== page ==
This story is posted over at theenergyreport.com.
It's a long interview with ShadowStats.com's John Williams.
What John envisions—and he's by no means looking to the far horizon—is a systemic collapse, a hyperinflationary great depression... and the cessation of normal commerce. This is a 10-15 minute read headlined "John Williams: Times That Try Our Souls"... and the link is http://www.theenergyreport.com/pub/na/7005. Or click on the heading above.
I expect an accelerating pace of downturn in the next couple of months. The numbers will turn sharply worse. Consensus estimates are already moving in that direction and most everything will follow. Industrial production is still up but retail sales have been falling. Payroll numbers have been flat when you take out the effects of the census hiring. Those employment numbers will turn down in the next month or two, providing an important indicator of renewed economic contraction.
So we'll see how it develops, but we're at that turning point. It is happening as we speak. At the end of July, we got an estimate of the second quarter GDP, where the pace of annualized growth slowed to 2.4%. The early GDP estimates are very heavily guessed at, so most of the time you don't know if you're getting a positive or a negative number. You get a margin of error of plus or minus 3% around the early reporting. That happens also to be about average growth.
Nevertheless, on a quarter-to quarter-basis, I think we'll see GDP down again in the third quarter.
The popular press will describe it as a double dip, but we never had a recovery. Actually, this is just a very protracted, very deep downturn that has had a pattern of falling off a cliff, bottoming out, having a little bit of bump due to stimulus and then turning down again. Sort of shaped like the path of a novice skier going down a jump for the first time. Speeding sharply down the hill, he goes up in the air and starts spinning wildly as he tries to figure out which end is up with his skis. Then he takes a pretty bad tumble. We're beginning to spin in the air.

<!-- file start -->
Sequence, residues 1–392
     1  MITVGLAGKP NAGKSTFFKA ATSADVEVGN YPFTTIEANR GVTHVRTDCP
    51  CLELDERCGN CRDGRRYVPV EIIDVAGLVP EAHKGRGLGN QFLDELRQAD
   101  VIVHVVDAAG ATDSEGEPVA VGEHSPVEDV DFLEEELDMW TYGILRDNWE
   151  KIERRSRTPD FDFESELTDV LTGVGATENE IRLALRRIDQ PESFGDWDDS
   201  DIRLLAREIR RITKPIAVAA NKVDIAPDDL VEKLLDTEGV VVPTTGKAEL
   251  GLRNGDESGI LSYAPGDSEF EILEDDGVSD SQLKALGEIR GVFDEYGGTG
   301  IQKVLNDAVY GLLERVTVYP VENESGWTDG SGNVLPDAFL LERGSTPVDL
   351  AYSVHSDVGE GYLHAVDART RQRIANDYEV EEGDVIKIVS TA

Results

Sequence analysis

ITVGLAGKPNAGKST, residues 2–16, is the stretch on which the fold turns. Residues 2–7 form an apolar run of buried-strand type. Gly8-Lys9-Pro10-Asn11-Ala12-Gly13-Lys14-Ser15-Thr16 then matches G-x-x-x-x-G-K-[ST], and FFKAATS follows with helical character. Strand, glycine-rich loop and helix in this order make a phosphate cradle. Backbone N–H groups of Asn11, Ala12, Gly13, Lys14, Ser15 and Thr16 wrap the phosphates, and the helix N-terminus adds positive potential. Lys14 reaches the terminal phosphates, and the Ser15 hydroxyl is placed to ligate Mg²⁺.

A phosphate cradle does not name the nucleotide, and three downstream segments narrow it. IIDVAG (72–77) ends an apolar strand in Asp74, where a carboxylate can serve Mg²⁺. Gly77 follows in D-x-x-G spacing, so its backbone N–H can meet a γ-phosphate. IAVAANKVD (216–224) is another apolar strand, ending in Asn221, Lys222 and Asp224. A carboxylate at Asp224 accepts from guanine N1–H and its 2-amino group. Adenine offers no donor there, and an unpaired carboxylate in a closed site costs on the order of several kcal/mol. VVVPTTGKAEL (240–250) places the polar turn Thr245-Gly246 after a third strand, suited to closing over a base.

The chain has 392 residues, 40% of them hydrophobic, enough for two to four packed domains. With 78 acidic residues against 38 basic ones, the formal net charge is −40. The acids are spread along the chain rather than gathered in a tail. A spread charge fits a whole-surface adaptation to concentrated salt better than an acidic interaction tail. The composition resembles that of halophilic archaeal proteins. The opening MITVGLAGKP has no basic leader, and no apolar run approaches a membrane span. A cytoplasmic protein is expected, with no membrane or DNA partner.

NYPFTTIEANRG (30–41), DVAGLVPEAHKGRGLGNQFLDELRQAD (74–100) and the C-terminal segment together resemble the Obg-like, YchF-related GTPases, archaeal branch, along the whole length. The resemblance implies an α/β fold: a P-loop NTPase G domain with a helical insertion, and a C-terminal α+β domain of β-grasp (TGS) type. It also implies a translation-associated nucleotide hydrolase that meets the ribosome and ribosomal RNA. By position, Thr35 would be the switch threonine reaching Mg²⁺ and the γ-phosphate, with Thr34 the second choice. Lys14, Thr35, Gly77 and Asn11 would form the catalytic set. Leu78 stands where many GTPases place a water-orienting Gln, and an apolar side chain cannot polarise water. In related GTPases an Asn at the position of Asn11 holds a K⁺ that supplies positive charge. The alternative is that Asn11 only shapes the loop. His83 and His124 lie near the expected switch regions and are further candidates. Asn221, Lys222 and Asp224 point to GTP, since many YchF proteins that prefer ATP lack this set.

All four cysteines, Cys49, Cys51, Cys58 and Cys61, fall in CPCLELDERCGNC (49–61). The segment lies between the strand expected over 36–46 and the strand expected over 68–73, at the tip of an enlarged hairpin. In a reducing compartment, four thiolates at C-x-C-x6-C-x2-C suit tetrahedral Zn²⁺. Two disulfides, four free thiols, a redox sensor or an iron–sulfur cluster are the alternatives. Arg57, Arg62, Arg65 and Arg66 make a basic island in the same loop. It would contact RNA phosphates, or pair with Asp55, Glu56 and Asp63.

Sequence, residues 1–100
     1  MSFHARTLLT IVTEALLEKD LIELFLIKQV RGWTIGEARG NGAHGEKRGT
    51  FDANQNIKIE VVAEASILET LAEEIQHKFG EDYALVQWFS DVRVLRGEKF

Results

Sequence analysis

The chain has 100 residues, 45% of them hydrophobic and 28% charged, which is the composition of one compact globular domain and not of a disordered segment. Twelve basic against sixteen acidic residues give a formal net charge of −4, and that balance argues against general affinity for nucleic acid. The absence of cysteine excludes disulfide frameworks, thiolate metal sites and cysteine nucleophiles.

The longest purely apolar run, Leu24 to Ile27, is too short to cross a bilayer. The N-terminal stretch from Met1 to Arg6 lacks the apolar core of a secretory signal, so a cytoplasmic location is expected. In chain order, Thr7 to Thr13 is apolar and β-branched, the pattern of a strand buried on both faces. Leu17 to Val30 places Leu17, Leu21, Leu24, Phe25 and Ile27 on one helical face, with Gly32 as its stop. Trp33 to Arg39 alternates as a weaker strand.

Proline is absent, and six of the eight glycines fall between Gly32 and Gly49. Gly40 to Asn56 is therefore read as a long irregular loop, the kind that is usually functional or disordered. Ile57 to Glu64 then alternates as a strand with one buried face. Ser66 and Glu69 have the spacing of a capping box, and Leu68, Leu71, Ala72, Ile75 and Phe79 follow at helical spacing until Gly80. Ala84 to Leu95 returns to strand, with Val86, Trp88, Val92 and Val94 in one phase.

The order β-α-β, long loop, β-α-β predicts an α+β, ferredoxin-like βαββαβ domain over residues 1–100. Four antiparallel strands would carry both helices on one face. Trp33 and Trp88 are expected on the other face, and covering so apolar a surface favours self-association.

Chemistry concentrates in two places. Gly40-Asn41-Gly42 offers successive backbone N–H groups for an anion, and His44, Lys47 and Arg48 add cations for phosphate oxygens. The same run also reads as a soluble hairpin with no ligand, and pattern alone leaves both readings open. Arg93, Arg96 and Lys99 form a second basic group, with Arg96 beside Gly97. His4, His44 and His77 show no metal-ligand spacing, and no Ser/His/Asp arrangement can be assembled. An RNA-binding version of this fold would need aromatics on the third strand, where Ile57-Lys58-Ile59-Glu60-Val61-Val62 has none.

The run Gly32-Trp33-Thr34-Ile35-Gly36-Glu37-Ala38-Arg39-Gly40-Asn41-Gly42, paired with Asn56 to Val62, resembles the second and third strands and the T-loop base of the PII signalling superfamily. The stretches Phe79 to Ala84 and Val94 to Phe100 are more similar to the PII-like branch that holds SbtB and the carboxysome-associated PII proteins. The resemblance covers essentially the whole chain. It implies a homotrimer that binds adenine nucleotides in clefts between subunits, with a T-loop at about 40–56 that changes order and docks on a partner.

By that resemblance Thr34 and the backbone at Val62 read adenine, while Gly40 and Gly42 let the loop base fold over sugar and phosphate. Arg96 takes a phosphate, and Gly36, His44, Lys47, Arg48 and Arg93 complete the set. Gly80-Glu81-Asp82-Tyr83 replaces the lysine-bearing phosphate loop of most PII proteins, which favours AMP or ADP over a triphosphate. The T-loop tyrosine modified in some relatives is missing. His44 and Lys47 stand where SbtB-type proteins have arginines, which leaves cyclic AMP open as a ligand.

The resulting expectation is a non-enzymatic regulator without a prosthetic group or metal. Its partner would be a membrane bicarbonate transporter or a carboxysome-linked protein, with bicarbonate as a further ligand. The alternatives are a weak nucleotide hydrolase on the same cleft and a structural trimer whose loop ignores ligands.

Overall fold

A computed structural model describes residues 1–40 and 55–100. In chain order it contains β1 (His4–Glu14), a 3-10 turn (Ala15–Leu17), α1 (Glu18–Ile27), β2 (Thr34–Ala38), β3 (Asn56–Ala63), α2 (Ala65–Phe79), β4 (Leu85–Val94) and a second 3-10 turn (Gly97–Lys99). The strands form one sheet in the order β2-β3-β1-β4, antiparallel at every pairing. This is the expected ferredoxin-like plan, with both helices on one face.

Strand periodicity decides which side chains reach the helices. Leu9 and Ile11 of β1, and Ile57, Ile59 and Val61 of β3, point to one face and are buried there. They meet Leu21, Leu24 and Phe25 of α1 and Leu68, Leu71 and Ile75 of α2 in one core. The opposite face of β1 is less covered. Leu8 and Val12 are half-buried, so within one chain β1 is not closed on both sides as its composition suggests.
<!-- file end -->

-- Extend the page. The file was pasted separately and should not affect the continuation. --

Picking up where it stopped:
Significantly they did not call an end to this recession. They said it was too early to call, but I think they had a pretty good sense of what was going to happen. So what we're seeing now just looks like an ongoing deep recession. The next down leg is going to be particularly painful and I'm afraid particularly protracted.
So consumer income is a key factor.
Absolutely. If you put in housing that's related to the consumer, that's three-quarters of the GDP. The average household is not staying ahead of inflation, and unless income grows faster than inflation, the economy won't grow faster than inflation—and that means that GDP is not growing. Income sustains consumption. When income grows, consumption grows. The only way to have sustainable long-term economic growth is to have healthy growth in income. You can buy some short-term economic growth, though, without growth in income, through debt expansion, which is what Greenspan tried.